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Cynical exploitation?

June 29, 2008

Hello again,

Many overseas students will be preparing for their summer holidays before setting off for higher education in a western ...

university. But British universities have undergone a transformation from the high-principled ivory towers of yore, to degree factories in which commercial interests undermine academic integrity. This cynical devotion to profit makes international students especially valuable as prey. The global market beckons with an apparently limitless supply of fresh young blood, eager to acquire a western qualification and, of course, requiring English language tuition to enable them to follow their courses.

Until recent years, university departments mounted pre-sessional course in English for academic purposes and kept a close eye on the development of the curriculum to ensure that it delivered the necessary grounding to help students cope with the daunting tasks associated with undergraduate and post-graduate courses.

Increasingly, however, universities are outsourcing their pre-sessional courses to private companies. The attraction of this? According to a recent article in The Guardian:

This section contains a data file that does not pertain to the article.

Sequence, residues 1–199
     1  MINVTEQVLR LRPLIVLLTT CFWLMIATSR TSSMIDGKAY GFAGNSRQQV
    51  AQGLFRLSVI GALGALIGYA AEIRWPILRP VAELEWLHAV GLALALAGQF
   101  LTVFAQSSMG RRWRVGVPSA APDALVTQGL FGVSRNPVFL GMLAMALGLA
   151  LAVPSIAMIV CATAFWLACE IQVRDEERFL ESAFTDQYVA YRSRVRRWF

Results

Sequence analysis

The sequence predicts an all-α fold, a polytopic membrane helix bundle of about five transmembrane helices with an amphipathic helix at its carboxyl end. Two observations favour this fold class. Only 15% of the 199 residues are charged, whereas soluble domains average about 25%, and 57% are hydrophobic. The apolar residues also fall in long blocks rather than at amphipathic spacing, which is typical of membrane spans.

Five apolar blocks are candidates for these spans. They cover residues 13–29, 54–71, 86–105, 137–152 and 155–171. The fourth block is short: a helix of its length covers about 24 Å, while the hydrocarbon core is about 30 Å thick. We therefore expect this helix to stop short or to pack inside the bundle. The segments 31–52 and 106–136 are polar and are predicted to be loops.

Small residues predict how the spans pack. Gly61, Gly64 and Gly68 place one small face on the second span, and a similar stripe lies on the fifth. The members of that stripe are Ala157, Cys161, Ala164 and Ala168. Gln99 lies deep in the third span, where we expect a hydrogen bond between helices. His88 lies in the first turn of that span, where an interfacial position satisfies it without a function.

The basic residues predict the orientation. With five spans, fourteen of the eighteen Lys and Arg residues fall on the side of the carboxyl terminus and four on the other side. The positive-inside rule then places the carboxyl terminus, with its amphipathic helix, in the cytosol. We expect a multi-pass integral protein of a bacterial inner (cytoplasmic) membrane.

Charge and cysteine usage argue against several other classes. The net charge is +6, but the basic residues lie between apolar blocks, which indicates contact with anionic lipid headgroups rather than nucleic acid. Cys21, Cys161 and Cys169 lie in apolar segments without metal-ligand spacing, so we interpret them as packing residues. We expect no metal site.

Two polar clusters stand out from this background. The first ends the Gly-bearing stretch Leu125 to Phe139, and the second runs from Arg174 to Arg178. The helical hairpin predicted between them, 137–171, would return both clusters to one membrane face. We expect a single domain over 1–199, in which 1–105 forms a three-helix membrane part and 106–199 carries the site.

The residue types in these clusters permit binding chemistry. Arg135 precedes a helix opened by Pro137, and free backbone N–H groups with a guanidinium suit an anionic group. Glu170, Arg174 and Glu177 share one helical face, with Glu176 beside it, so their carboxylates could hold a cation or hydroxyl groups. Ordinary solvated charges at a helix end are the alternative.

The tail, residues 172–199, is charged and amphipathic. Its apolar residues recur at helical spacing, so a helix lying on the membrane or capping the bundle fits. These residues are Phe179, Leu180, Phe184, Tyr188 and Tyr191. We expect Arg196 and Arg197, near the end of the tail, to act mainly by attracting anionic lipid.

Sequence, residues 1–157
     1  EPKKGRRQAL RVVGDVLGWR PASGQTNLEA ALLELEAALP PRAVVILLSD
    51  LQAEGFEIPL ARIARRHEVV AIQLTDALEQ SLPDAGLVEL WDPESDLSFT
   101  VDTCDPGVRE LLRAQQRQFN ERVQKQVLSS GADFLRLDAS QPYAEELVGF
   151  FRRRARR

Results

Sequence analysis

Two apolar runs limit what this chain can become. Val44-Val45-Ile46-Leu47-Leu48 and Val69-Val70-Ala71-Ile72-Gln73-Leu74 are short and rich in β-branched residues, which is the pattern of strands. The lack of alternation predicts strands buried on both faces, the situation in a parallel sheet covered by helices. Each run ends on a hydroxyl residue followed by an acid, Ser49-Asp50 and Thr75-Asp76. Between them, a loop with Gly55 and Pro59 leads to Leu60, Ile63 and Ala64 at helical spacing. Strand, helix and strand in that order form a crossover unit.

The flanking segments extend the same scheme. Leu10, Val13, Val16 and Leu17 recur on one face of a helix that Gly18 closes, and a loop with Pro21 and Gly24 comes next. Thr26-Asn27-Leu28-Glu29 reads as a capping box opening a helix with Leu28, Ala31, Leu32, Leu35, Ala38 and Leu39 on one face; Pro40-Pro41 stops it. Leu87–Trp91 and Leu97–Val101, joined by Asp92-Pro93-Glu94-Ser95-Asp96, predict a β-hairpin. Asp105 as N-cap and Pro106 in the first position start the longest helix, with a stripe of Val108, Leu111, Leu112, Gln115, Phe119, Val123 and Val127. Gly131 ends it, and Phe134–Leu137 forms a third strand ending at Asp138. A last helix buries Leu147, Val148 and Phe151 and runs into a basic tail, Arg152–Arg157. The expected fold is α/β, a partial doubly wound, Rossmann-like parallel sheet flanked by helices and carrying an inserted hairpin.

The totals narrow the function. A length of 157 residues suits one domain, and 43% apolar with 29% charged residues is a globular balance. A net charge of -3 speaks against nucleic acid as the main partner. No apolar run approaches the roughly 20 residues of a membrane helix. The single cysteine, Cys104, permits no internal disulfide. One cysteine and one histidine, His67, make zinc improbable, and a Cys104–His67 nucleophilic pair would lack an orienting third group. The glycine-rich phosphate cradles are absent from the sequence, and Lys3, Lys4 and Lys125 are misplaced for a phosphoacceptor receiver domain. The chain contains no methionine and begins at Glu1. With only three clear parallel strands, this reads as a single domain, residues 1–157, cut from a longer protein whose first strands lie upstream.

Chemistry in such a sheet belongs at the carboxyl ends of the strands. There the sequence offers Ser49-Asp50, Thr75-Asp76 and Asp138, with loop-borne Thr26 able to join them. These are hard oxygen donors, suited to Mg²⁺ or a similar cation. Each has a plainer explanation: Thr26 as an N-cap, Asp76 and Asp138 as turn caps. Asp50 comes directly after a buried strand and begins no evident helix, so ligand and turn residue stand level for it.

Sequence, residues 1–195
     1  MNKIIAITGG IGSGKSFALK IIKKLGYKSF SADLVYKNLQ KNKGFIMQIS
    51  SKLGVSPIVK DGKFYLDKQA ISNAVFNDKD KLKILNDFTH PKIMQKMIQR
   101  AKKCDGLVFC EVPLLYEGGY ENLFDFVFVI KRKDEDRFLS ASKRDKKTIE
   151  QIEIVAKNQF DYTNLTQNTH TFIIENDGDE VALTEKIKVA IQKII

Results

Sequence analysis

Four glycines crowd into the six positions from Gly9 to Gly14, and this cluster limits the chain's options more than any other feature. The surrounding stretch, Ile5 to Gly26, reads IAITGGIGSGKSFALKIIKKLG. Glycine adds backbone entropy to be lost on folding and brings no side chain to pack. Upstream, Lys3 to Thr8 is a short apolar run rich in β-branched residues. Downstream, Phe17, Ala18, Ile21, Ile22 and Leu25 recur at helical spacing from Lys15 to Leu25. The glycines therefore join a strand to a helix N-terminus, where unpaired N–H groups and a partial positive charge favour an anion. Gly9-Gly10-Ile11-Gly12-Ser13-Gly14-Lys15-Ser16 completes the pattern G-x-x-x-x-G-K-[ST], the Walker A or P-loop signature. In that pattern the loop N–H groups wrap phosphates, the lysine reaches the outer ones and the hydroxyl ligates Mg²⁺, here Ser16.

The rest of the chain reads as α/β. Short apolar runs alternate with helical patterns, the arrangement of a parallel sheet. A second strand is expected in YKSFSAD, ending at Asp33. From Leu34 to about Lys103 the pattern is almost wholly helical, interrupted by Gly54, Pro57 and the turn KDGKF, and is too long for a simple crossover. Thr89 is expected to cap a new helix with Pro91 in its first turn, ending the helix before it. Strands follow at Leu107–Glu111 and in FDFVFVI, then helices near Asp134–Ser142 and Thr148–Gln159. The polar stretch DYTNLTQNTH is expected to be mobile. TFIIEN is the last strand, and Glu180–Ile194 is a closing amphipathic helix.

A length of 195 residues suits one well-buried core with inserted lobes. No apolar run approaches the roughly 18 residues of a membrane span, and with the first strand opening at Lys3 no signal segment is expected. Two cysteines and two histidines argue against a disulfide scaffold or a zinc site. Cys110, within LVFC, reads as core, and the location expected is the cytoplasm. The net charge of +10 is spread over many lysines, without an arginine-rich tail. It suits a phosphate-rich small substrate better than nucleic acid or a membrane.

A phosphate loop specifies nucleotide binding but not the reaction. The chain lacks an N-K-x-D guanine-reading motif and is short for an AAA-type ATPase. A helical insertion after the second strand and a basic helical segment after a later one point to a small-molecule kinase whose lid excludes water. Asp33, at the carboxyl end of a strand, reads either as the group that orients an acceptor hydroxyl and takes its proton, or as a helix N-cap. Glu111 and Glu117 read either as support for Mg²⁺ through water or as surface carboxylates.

“Research due to be published later this year shows that these companies approach university administrators with related claims: they will use their marketing power to increase the number of international students coming to the university; and they will invest in new buildings to provide an improved experience for international students. The companies have no interest in less profitable programmes and so only acquire foundation and English (pre-sessional) activities.”

Perhaps this would not matter if the academic management of the course remained the responsibility of the universities, but it doesn’t. But if universities wish to make a Faustian compact with the private sector, their cynical exploitation of students will backfire. EAP students seek a pre-sessional course precisely because it is different from what it is on offer at any other language school. As they begin to realise that they not being offered that special provision they will start to question the integrity not just of the language courses but of the universities themselves.

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